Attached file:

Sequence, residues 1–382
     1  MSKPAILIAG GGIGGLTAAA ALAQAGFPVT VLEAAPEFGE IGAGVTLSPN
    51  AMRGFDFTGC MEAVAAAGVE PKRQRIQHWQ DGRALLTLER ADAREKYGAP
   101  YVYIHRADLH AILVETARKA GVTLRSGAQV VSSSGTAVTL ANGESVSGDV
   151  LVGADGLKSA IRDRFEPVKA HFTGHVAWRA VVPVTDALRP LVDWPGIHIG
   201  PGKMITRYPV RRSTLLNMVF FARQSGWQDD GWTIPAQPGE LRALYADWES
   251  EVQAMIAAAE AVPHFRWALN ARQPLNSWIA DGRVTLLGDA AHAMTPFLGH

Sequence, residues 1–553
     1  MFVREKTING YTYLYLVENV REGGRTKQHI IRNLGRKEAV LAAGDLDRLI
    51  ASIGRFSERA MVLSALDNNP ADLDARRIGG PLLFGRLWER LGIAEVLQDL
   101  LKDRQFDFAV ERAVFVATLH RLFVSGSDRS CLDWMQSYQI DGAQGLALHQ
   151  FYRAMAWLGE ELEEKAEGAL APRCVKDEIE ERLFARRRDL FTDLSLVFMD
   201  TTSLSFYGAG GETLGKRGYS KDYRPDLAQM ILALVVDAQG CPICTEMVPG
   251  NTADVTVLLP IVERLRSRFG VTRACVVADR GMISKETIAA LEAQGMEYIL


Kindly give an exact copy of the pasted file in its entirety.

Sequence, residues 1–382
     1  MSKPAILIAG GGIGGLTAAA ALAQAGFPVT VLEAAPEFGE IGAGVTLSPN
    51  AMRGFDFTGC MEAVAAAGVE PKRQRIQHWQ DGRALLTLER ADAREKYGAP
   101  YVYIHRADLH AILVETARKA GVTLRSGAQV VSSSGTAVTL ANGESVSGDV
   151  LVGADGLKSA IRDRFEPVKA HFTGHVAWRA VVPVTDALRP LVDWPGIHIG
   201  PGKMITRYPV RRSTLLNMVF FARQSGWQDD GWTIPAQPGE LRALYADWES
   251  EVQAMIAAAE AVPHFRWALN ARQPLNSWIA DGRVTLLGDA AHAMTPFLGH

Sequence, residues 1–553
     1  MFVREKTING YTYLYLVENV REGGRTKQHI IRNLGRKEAV LAAGDLDRLI
    51  ASIGRFSERA MVLSALDNNP ADLDARRIGG PLLFGRLWER LGIAEVLQDL
   101  LKDRQFDFAV ERAVFVATLH RLFVSGSDRS CLDWMQSYQI DGAQGLALHQ
   151  FYRAMAWLGE ELEEKAEGAL APRCVKDEIE ERLFARRRDL FTDLSLVFMD
   201  TTSLSFYGAG GETLGKRGYS KDYRPDLAQM ILALVVDAQG CPICTEMVPG
   251  NTADVTVLLP IVERLRSRFG VTRACVVADR GMISKETIAA LEAQGMEYIL